Scientific Reports 01/2013; 3:2884. · 5.08 Impact Factor
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    ABSTRACT: According to the Chinese yin-yang concept, seemingly opposing forces give rise and respond to each other. Opposing forces, whether passive or active, are also at work when cells adhere to a substrate or extracellular matrix, sense environmental properties, and finally respond to them. In this review, we describe molecular elements inside and outside of the cell that establish labile physical connections, and how forces regulate their interplay, namely formation, reinforcement, breakage, and reconfiguration of these elements. What a cell locally feels thus depends not only on the displacement of materials, but also on the stability of molecular interactions, on the conversion of mechanical forces to biochemical signals by stretching proteins into structural intermediates (mechano-chemical signal conversion), and on the micro- and nanoscopic features of the extracellular material. Current methodologies for quantifying forces in the cellular context at different length scales are also critically assessed.
    Annual Review of Materials Research 01/2013; 43:589-618. · 13.07 Impact Factor
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    ABSTRACT: Inspired by molecular mechanisms that cells exploit to sense mechanical forces and convert them into biochemical signals, chemists dream of designing mechanochemical switches integrated into materials. Using the adhesion protein fibronectin, whose multiple repeats essentially display distinct molecular recognition motifs, we derived a computational model to explain how minimalistic designs of repeats translate into the mechanical characteristics of their fibrillar assemblies. The hierarchy of repeat-unfolding within fibrils is controlled not only by their relative mechanical stabilities, as found for single molecules, but also by the strength of cryptic interactions between adjacent molecules that become activated by stretching. The force-induced exposure of cryptic sites furthermore regulates the nonlinearity of stress-strain curves, the strain at which such fibers break, and the refolding kinetics and fraction of misfolded repeats. Gaining such computational insights at the mesoscale is important because translating protein-based concepts into novel polymer designs has proven difficult.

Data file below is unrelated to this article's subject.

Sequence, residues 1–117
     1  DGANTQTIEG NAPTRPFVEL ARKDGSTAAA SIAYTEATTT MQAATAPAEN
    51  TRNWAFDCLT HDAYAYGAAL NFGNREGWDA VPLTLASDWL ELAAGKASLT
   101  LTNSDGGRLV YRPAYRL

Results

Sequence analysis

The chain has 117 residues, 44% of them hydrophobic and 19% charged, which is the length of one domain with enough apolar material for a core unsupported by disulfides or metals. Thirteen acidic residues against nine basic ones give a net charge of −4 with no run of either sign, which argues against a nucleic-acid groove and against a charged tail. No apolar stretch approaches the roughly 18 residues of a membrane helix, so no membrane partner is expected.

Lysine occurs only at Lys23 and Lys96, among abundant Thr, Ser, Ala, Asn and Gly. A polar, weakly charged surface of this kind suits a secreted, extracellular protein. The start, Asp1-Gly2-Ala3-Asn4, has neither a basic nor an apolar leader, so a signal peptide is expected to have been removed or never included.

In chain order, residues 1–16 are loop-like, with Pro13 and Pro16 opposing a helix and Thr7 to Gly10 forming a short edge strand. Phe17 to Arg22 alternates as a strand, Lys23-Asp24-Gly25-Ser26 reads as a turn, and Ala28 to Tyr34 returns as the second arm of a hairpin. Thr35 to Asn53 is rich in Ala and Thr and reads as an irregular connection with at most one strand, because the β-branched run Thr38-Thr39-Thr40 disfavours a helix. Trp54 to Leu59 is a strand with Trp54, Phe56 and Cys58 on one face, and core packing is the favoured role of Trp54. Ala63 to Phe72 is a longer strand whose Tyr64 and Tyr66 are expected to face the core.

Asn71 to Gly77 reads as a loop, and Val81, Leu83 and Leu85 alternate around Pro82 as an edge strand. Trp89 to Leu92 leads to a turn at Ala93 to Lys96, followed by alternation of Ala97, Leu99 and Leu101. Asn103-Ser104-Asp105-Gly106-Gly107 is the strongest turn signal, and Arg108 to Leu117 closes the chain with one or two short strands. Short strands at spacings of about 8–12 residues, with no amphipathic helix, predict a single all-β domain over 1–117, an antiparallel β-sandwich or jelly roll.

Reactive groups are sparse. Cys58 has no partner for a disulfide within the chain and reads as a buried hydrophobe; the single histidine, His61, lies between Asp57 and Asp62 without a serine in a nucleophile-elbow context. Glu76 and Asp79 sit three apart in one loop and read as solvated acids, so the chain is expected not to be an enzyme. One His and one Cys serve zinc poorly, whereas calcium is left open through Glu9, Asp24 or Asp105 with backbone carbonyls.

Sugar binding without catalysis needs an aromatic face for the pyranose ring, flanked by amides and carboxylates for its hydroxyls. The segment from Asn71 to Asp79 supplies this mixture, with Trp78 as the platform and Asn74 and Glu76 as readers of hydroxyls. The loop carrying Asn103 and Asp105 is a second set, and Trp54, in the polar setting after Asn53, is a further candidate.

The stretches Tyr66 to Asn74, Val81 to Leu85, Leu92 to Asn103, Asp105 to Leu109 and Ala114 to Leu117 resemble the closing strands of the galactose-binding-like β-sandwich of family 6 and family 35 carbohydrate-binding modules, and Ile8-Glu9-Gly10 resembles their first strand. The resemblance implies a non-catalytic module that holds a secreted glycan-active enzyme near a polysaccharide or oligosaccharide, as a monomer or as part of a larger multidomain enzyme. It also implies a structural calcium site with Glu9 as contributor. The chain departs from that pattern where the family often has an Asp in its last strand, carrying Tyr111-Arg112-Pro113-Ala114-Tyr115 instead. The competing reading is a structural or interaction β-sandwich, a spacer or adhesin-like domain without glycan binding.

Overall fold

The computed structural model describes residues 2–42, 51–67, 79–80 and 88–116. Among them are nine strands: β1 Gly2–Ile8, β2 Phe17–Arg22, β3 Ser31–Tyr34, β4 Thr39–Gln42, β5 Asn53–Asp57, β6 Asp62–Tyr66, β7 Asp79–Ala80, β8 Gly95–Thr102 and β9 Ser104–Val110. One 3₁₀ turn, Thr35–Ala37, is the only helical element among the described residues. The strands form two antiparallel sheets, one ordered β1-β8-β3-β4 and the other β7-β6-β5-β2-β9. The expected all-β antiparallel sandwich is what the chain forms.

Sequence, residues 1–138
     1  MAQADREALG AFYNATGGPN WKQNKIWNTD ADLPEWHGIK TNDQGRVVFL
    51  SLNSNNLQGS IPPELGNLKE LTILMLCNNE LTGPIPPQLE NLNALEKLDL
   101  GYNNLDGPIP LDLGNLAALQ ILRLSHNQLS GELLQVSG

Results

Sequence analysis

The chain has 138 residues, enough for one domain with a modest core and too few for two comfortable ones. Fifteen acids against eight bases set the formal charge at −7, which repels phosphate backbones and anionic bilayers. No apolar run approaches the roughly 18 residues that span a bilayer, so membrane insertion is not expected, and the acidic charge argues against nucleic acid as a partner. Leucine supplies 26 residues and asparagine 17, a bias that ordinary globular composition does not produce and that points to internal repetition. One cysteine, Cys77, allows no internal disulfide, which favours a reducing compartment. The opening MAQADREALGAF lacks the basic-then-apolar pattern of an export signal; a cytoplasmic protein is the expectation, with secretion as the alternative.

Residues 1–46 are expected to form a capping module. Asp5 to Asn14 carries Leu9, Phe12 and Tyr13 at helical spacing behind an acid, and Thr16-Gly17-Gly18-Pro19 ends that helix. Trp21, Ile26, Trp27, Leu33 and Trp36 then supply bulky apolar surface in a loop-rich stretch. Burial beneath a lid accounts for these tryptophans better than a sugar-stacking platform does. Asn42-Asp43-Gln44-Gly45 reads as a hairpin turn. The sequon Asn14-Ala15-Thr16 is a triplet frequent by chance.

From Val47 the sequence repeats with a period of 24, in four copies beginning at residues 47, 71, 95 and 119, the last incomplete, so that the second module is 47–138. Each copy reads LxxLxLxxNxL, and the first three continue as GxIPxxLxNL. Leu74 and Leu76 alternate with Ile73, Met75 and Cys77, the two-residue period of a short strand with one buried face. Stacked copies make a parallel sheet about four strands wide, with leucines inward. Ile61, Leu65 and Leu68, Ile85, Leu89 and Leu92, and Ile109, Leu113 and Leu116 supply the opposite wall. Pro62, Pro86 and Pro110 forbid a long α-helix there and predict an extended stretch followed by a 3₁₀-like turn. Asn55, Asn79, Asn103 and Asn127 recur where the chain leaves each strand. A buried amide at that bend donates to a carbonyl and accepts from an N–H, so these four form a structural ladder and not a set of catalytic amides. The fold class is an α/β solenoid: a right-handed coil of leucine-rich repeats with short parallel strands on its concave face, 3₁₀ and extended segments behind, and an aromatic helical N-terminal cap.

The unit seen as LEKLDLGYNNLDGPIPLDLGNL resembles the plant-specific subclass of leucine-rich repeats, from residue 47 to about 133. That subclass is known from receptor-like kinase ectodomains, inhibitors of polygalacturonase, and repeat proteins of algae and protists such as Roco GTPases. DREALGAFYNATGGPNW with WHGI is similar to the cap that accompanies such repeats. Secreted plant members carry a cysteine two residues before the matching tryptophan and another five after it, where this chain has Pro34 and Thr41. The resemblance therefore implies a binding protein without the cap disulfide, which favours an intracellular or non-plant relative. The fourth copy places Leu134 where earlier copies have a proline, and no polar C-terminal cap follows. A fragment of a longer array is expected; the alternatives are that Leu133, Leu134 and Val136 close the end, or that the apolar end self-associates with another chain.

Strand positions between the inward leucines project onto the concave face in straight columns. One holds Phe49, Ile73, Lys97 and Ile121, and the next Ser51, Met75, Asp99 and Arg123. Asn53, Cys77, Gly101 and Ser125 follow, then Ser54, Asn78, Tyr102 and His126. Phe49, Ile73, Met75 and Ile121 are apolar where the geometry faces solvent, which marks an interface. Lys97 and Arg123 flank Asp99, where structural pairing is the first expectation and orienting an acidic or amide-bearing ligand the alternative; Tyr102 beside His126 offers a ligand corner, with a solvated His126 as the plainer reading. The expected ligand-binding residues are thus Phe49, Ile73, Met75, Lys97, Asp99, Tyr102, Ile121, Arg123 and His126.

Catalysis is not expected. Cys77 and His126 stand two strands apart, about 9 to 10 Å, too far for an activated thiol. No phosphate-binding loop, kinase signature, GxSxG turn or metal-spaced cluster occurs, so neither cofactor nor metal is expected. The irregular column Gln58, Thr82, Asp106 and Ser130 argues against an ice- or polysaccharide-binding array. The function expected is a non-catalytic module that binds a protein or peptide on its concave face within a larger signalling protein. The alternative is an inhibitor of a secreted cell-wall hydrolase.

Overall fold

Biophysical Journal 11/2012; 103(9):1909-18. · 3.67 Impact Factor

Publication Stats

6k Citations
947.11 Total Impact Points

Institutions

  • 2012
    • University of Pennsylvania
      • Department of Bioengineering
      Philadelphia, PA, United States
    • University of Pittsburgh
      • Chemical and Petroleum Engineering
      Pittsburgh, PA, United States
  • 2006–2011
    • ETH Zurich
      • Department of Materials Science
      Zürich, Zurich, Switzerland
  • 2006–2010
    • Eawag: Das Wasserforschungs-Institut des ETH-Bereichs
      Duebendorf, Zurich, Switzerland
  • 1995–2010
    • University of Washington Seattle
      • • Department of Biological Structure
      • • Department of Bioengineering
      • • Department of Microbiology
      • • Department of Physics
      Seattle, WA, United States
  • 2009
    • Sandia National Laboratories
      • Electronic and Nanostructured Materials Department
      Albuquerque, New Mexico, United States
  • 2001
    • Trinity Washington University
      Washington, Washington, D.C., United States
  • 1996–2001
    • Oregon Health and Science University
      • • Department of Medicine
      • • Department of Biochemistry & Molecular Biology
      Portland, OR, United States
    • Boston University
      Boston, Massachusetts, United States
  • 1999
    • California Institute of Technology
      • Division of Chemistry and Chemical Engineering
      Pasadena, CA, United States